Decade Review 2009

What can we expect from the 2010s?

City-based franchises or a world Test championship? Best- and worst-case scenarios for the new decade

Rob Steen

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IPL commissioner Lalit Modi watches the game, England v India, ICC World Twenty20 Super Eights, Lord's, June 14, 2009
Thanks to the IPL, it is easy to envisage a future of city-based franchises ruling the economic roost © Getty Images
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So that was the Naughty Noughties, eh? A decade that will look wonderful in Wisden (has any 10-year period in the game's history donated so many delicious records and luscious landmarks?) and repugnant in newsprint (has any 10-year period supplied us with so many villains and so many moments worthy of instant deletion from our hard drives?).

But what of the Tens? What can we expect of them? Much as one deplores the modern tendency to deal exclusively in extremes - history, after all, is more about the steady, cumulative impact of greys and beiges than a noisy procession of blacks and whites - let's consider the best- and worst-case scenarios, the better to find a reasonably happy medium.

Through A Glass Darkly
"With the match-fixing scandal temporarily swept under various carpets, the English crisis is now the greatest crisis in world cricket." So lamented Matthew Engel in the 2000 Wisden, the deadline for his Editor's Notes having been brought forward by the need to produce an edition celebrating the recently departed 20th century, and hence too early to mention Hansie Cronje's fondness for leather jackets. Oh that such a tiny quandary as the unfitness of the England team should be our gravest concern now. Cricket has never been more profitable, nor followed so widely, nor so lacking in unity and direction.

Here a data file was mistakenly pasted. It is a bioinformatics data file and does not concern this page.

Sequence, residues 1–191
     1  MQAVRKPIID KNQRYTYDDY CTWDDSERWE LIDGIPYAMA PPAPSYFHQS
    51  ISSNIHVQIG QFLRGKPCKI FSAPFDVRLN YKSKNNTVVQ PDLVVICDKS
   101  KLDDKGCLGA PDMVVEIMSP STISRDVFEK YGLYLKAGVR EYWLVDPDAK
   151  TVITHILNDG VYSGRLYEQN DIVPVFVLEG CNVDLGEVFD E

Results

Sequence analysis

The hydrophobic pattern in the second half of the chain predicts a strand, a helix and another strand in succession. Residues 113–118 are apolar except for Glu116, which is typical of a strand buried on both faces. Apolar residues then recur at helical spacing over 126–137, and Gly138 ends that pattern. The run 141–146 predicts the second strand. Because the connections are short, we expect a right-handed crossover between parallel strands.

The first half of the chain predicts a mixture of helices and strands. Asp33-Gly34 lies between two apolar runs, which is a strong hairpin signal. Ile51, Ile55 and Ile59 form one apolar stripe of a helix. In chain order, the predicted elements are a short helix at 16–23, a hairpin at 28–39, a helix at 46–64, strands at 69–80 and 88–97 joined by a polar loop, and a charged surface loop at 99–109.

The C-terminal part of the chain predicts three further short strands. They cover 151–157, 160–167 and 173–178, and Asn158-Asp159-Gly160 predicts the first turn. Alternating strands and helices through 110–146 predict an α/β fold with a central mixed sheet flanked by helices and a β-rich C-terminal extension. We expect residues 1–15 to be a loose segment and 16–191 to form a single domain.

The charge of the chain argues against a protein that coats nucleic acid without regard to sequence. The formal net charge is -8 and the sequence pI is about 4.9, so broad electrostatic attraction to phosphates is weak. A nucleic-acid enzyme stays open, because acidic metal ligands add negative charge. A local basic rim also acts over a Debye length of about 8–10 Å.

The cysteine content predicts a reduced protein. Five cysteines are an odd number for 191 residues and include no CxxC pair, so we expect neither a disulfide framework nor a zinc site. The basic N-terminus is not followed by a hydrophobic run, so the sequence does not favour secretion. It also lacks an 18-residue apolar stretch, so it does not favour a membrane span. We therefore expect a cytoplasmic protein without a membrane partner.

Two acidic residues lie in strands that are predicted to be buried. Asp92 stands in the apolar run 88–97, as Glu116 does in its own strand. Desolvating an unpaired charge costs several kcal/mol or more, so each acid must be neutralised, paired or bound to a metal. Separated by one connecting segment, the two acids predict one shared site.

The most grievous fear is that the Gordon Gekkos running the game will continue to believe that fixture congestion is good, that quantity is more important than quality, that greed is good. Among those of a certain age, paranoia reigns: will our beloved anachronism, the five-day Test, be sacrificed on the altar of artifice and wafer-thin concentration spans?

The coming decade promises to ask two searching questions above all. Come 2020, it is fiendishly hard not to wonder: will Twenty20 be the only game in town? And if so, will the domestic game gain precedence over the international model? Thanks to the IPL, and Lalit Modi's recent hubristic pronouncements about expansion and the availability of contracted players for national service, it is becoming all-too easy to envisage city-based franchises ruling the economic roost.

In itself, this may not necessarily be an entirely bad thing. Nationalism, after all, is scarcely an untarnished creed. But will the profits hatched by our latest golden goose be deployed to ensure that the representative game, so long the inspiration for the highest standards and the most straightforward means of identification and source of support, remains viable?